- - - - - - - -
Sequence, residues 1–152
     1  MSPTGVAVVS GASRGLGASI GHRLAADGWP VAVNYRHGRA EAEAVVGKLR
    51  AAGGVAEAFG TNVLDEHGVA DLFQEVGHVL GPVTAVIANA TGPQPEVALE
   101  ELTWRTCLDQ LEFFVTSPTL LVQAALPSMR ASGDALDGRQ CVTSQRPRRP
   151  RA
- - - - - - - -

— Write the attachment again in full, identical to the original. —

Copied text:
Sequence, residues 1–152
     1  MSPTGVAVVS GASRGLGASI GHRLAADGWP VAVNYRHGRA EAEAVVGKLR
    51  AAGGVAEAFG TNVLDEHGVA DLFQEVGHVL GPVTAVIANA TGPQPEVALE
   101  ELTWRTCLDQ LEFFVTSPTL LVQAALPSMR ASGDALDGRQ CVTSQRPRRP
   151  RA